Bringing Immigration Back

More recently, the news headlines have been dominated by two things: the government shutdown and the imminent crisis of the debt ceiling. But not today.

Today President Obama spoke to activists at the White House in an effort to bring the focus back to immigration reform. From the White House East Room, Obama spoke of the benefits of immigration – namely that it will help boost our nation’s economy, reduce the deficit, and immigration is an issue that tends to garner support from all sides of the political spectrum. Something that Democrats and Republicans can come together for. Mind blown. That’s some Inception shit right there.

While some might say that the immigrants are simply going to steal “American” jobs (aren’t we a country of immigrants anyway?), immigration reform will actually create more jobs for people as well as increase the overall level of wages. Let’s look at it this way: more immigrants equals more workers, and more workers leads to an increase in cumulative earnings, and when more money is spent based on those earnings, our economy is strengthened.

Immigration reform ended up being placed on the backburner over the summer as other issues arose. However, the President’s and the Senate’s agenda to pass an immigration bill is not sitting so well with the Republican-controlled House of Representatives. In June, the Senate actually passed a bill, but the House then not so surprisingly rejected it. The bill would have overhauled immigration laws for the first time since the 1980s, and addressed security at the Mexican border, required employers to verify the immigration status of their employees, and opened up the doors to citizenship for millions of undocumented immigrants. Because of this sweeping reform, the immigration bill would also serve as an outstanding achievement for the President in a second term where he has been criticized for inaction. While the Democrats in the Senate are calling for a large package that will greatly reform immigration in this country (and add to Obama’s already long list of historical and ambitious moves), Republicans would rather have immigration reform come in the series of a number of smaller bills.

However, some members of the GOP are seeing the importance of immigration reform and why it should be done – in the 2012 election, Hispanics widely voted with the Democrats, meaning that if Republicans want any of those votes, they might want to think about the importance of citizenship for the 11 million immigrants in this country (most of which happen to be Hispanic). For the Republicans, their efforts to stall the bill proposed in June were due to the increases in border security – essentially, some members of the House refuse to offer their support for a plan that would let those that have entered into the country illegally eventually gain citizenship.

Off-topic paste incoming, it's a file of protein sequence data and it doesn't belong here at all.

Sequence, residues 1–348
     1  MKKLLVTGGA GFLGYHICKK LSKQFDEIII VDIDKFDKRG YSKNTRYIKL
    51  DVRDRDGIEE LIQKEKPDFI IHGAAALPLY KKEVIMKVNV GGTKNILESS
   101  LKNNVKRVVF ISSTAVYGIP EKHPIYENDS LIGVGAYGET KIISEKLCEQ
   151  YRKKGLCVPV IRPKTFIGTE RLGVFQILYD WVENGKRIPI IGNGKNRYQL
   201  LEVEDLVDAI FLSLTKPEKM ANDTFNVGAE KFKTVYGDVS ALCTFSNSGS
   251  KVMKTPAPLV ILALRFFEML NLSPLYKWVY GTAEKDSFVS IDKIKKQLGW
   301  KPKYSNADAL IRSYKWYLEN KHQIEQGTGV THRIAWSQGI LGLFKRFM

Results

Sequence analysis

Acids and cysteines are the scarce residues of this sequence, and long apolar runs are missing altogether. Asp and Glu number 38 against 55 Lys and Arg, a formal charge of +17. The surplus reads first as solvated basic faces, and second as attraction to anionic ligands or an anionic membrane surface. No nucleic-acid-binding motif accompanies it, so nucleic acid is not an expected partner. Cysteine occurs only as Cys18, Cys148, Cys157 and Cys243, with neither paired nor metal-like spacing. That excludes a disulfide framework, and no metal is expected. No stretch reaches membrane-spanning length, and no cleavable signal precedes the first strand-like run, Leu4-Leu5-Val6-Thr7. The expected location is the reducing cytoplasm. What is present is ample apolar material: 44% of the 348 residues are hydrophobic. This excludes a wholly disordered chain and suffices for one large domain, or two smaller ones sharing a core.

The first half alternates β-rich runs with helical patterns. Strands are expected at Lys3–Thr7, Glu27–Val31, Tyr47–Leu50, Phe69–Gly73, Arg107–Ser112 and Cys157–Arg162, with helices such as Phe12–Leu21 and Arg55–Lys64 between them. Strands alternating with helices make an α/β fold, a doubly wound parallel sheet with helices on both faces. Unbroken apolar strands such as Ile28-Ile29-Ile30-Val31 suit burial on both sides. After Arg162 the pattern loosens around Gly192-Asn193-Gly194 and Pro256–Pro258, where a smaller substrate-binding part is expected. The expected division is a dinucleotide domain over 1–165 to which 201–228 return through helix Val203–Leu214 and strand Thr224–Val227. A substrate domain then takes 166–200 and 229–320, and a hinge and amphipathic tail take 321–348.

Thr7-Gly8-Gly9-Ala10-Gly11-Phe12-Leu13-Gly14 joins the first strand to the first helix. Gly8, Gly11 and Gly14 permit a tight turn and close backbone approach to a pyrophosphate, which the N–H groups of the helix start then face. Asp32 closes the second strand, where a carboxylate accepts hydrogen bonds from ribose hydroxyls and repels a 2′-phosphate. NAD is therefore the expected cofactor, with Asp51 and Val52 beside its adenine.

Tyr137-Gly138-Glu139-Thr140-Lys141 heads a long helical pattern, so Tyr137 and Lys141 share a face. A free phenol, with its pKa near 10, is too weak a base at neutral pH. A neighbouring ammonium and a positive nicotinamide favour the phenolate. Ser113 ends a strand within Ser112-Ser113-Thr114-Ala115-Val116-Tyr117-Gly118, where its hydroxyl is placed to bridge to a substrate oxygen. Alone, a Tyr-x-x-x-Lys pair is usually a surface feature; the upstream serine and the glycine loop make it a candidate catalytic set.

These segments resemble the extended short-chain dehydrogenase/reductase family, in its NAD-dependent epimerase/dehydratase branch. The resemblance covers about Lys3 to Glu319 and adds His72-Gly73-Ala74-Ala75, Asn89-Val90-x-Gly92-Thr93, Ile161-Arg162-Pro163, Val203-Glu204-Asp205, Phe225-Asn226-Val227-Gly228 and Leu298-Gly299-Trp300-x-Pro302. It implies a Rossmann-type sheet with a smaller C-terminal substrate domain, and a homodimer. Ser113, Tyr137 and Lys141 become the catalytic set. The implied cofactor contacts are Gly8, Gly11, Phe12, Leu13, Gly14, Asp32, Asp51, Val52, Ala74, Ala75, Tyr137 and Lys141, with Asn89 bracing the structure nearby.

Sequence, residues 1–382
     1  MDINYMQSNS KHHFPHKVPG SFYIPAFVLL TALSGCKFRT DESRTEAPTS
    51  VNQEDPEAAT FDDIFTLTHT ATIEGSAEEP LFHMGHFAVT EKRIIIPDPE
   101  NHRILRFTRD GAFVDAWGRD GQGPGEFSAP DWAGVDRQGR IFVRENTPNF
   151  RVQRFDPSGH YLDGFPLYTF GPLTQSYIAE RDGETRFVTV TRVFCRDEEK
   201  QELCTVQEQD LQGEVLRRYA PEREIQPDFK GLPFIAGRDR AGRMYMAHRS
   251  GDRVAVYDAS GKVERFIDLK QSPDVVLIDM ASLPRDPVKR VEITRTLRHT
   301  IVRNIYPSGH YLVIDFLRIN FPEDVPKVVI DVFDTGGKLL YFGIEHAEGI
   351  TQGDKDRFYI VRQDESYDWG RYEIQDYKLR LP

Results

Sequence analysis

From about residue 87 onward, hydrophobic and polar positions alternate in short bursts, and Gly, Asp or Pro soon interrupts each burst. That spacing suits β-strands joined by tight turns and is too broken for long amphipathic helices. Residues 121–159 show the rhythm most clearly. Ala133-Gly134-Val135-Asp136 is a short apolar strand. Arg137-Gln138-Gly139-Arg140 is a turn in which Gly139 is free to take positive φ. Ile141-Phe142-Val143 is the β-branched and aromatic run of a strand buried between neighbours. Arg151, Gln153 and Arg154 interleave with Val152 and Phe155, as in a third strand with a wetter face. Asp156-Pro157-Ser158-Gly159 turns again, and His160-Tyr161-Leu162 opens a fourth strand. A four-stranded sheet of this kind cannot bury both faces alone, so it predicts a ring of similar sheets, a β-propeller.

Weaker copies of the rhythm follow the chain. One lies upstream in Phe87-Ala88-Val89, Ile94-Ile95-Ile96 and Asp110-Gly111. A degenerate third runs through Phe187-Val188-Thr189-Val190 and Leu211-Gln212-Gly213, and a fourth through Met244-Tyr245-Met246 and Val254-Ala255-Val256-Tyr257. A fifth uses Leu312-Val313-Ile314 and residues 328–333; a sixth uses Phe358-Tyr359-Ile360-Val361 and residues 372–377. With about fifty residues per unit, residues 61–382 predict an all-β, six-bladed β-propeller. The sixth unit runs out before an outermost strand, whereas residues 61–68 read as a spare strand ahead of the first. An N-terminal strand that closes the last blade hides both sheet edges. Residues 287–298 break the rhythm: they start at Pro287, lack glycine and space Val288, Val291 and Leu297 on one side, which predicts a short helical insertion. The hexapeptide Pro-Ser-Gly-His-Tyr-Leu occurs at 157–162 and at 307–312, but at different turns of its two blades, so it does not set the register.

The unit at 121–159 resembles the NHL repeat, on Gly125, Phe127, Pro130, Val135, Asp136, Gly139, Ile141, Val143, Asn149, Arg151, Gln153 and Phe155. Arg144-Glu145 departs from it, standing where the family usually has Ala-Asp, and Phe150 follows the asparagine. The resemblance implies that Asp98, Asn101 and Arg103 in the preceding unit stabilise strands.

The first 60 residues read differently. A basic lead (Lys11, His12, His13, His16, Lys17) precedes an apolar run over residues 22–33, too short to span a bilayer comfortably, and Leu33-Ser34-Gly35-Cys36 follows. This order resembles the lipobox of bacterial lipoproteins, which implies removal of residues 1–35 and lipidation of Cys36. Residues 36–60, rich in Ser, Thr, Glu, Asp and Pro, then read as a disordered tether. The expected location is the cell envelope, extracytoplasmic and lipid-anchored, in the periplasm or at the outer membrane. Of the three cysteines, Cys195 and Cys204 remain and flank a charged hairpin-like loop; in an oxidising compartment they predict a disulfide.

In a recent Gallup poll conducted in July 2013, more Americans align with the Democratic Party regarding their views on immigration and immigration reform, particularly Hispanics and African Americans. And although some may be in denial about it, the minority races of this country are quickly making up the majority of our population. Change is coming, but I won’t say I told you so, GOP.

Earlier this month, the House introduced its own version of the immigration bill. The Democrats in the House wanted to push for an early proposal even in the midst of the government shutdown, recognizing that many Americans – while disapproving of Congress’ job – still believe that they need to take on the proper issues, one of those being immigration. The difference in the bill proposed in October is that it does not include additional security and fencing along our border with Mexico.

In today’s address, Obama made clear that the bill must be bipartisan, combining the values of both Democrats and Republicans so that Congress can pull together in a common effort to update the America’s immigration system. The President stated that he was all ears, and would listen to any additional ideas from any political party because he wants one thing: to move forward. To make change happen. The Obama we saw this morning was something akin to the younger and more auspicious version we witnessed in 2008 where he toted a slogan of change we need and change we can believe in. Yes we can, he told us. And now in late 2013, he’s telling us again. The bill would be highly beneficial for business and labor, but the President isn’t as hopeful as he was in 2008. He did express that it is unlikely that Congress will pass the legislation anytime soon.

And maybe that’s the bigger issue here. I’ve said it before, and I’ll say it again. Politics nowadays has turned into a battlefield, one in which American citizens tend to be the victims. Our legislators are more worried about keeping their place in office rather than doing what’s best for this country. They would rather adhere to the extremes of their party lines than come together and find any common ground. But Obama summed up why those on Capitol Hill are so slow to change: “This is Washington, after all.”

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